Adventures at the Wild Edges of Our Dangerous, Changing Planet
By John All and John Balzar
The incredible exploits of a mountaineer and adventurer who tracks climate change in extreme locations also illustrates how humans will adapt and survive in increasingly unstable environments.
In May 2014, the mountaineer and scientist John All fell into a crevasse near Everest and took a series of videos as he struggled to climb out 70 feet of ice and snow with fifteen broken bones - including 6 cracked vertebrae, internal bleeding, a severely dislocated shoulder, and his face covered in blood. The videos of him went viral and appeared in newscasts all over the world: CNN, BBC, Australia, Brazil, Israel, South Korea, Saudi Arabia, etc. and every website imaginable - from People Magazine to National Geographic. NPR called him "a badass for science."
Yet this story is only the latest of All's adventures. He's also won a footrace for his life with a wild hyena, stepped on a black mamba in the African bush, and scaled Everest - all in pursuit of his true passion: the future of adaptation to our world's changing climate. Icefall is more than a fascinating adventure story-it is a report from the extremes, which hold new lessons about the impact of climate change. It is about the collapsing Andean glaciers, the hidden jungles in Honduras where native people have learned about surviving hurricanes, and the highest points on earth, where more scientific secrets lie. The result is a thrilling adventure memoir with profound lessons for how humans will adjust as our world continues to change beneath our feet.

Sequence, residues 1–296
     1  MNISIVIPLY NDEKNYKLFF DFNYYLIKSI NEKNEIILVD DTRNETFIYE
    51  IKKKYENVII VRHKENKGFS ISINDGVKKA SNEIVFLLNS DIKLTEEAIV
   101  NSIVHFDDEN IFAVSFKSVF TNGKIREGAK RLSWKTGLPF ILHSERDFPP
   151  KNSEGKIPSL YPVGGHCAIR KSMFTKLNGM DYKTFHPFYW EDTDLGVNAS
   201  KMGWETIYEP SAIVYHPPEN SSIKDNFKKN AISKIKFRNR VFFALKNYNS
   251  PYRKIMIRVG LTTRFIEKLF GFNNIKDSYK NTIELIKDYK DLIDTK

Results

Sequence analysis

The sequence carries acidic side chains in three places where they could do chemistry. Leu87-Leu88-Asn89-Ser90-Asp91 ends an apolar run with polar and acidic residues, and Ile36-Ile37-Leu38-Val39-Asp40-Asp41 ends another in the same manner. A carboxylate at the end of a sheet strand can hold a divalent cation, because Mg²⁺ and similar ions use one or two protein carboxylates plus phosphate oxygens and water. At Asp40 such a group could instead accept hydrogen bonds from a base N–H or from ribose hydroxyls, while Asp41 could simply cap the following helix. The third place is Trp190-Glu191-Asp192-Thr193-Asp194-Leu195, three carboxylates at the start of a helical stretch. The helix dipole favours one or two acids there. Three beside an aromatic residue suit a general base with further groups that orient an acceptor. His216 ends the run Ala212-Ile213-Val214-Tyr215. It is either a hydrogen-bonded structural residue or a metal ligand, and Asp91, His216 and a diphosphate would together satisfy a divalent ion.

John All is a Research Professor of mountain environmental science at Western Washington University. His research around the world has been funded by groups that include the National Science Foundation, USAID, the CDC, and the Fulbright Foundation. He is executive director of the American Climber Science Program, an organization of citizen scientists who have the ability to climb the world's tallest peaks and use these expeditions to gather crucial data on the changing climate. John is a Lifetime Fellow of the Explorers Club in New York City, a certified paraglider pilot, rescue diver, a rugby and volleyball champion, and he spent several years with search and rescue teams prior to becoming a professor.
John Balzar is the author of "Yukon Alone: The World's Toughest Adventure Race," named a Los Angeles Times Best Book of the Year. His magazine work has been collected in anthologies including "Wild Stories: The Best of Men's Journal." A veteran newspaper journalist, he was awarded the Scripps-Howard Ernie Pyle Prize for human-interest storytelling. He has sailed across the Pacific, worked as a river boatman in the Arctic National Wildlife Refuge and holds NOAA Science Diver certification.
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- Publication date:
27 Apr 2017
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